“It’s a great school, and the teachers are really nice,” she said of Ring Factory.
Kaley’s mother lamented that her daughter would not know any of her classmates when she starts middle school if transferred from her current elementary school, a concern Kaley echoed.
“It would be really sad, because I would have no friends and I wouldn’t know anyone,” she said.
The last major elementary school redistricting happened in 2011 and took effect for the 2011-12 school year, affecting about 1,900 students, or 11% of the HCPS elementary student population at the time. Red Pump Elementary School, built north of Bel Air to help ease elementary overcrowding in that area, also opened during the 2011-12 school year.
Tina Bell noted that her neighborhood has been through five school redistricting processes in the past 30 years. The current balancing enrollment process is driven by a projected increase in overall student enrollment through 2026 and greater demand for space for special education and pre-kindergarten programs, as well as relieving overcrowding in certain schools — Bel Air, Havre de Grace, Homestead-Wakefield and Rep Pump elementary schools, as well as Bel Air Middle School, are above their capacity and new residential development is prohibited in the communities around those schools.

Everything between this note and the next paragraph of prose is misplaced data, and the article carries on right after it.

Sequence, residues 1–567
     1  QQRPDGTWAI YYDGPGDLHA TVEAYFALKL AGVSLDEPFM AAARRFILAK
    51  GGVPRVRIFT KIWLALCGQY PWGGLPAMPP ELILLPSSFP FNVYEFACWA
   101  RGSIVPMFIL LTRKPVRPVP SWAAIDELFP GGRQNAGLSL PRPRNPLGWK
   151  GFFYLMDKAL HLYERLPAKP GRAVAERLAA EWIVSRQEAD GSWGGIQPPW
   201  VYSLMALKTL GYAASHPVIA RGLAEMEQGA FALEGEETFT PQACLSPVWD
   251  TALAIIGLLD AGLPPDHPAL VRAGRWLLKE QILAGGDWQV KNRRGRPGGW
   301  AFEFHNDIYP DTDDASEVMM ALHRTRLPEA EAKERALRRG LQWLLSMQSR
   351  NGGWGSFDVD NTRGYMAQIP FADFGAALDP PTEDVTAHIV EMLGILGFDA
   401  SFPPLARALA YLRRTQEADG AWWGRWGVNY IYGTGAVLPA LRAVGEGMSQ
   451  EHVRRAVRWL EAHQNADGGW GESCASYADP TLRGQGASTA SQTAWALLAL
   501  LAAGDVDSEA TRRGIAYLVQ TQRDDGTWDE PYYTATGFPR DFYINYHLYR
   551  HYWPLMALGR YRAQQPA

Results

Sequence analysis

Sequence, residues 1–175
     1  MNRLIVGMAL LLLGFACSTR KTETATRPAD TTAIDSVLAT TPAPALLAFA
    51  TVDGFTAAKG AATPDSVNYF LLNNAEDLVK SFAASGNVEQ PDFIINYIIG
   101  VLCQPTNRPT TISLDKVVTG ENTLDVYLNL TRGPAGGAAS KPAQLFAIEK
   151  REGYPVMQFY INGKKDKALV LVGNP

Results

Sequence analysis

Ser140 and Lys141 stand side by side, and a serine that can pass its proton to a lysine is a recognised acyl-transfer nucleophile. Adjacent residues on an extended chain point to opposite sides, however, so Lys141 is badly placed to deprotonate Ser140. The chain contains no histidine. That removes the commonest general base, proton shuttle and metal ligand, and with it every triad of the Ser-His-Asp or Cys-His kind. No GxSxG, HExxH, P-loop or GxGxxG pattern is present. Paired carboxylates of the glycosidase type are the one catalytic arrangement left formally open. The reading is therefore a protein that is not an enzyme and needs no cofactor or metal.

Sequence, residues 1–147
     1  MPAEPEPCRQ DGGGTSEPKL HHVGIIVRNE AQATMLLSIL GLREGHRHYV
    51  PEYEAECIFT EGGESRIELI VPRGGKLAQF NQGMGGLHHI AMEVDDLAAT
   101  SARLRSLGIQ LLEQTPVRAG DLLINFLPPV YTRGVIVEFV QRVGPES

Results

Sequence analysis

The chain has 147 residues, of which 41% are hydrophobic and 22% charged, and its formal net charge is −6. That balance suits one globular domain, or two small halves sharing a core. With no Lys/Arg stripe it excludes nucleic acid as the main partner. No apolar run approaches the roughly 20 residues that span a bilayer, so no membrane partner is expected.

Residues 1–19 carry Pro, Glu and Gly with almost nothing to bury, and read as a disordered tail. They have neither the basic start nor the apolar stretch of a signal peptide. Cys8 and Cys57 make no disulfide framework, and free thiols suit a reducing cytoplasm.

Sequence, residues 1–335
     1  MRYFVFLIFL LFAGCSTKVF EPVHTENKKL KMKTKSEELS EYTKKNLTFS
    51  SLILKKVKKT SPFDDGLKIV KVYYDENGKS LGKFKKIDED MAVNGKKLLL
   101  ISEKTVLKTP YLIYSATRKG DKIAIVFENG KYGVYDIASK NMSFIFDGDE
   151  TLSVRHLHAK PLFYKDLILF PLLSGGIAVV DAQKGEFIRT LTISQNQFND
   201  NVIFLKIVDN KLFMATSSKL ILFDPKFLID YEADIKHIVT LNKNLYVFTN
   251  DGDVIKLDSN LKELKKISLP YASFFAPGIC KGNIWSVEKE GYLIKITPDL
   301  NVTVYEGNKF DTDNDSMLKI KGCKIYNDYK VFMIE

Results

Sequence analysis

Rebalancing of enrollment also is happening alongside long-term capital planning for the school system, such as plans to build a replacement for the aging Homestead-Wakefield and finding a new location for a replacement the John Archer School, which serves students with special needs and is in Bel Air near Harford Community College and Harford Technical High School.
“Knowing where we’re going to place [John Archer] is going to have impact on this broader conversation, as well as upcoming work with other schools down the line in the capital plan,” Superintendent Sean Bulson said during the HCPS Board of Educationmeeting.
Bulson’s remarks, during which he noted “there is never a good time” to redistrict schools, came after he and the board heard close to two hours of public comments from more than 60 speakers, the majority of whom talked about balancing enrollment.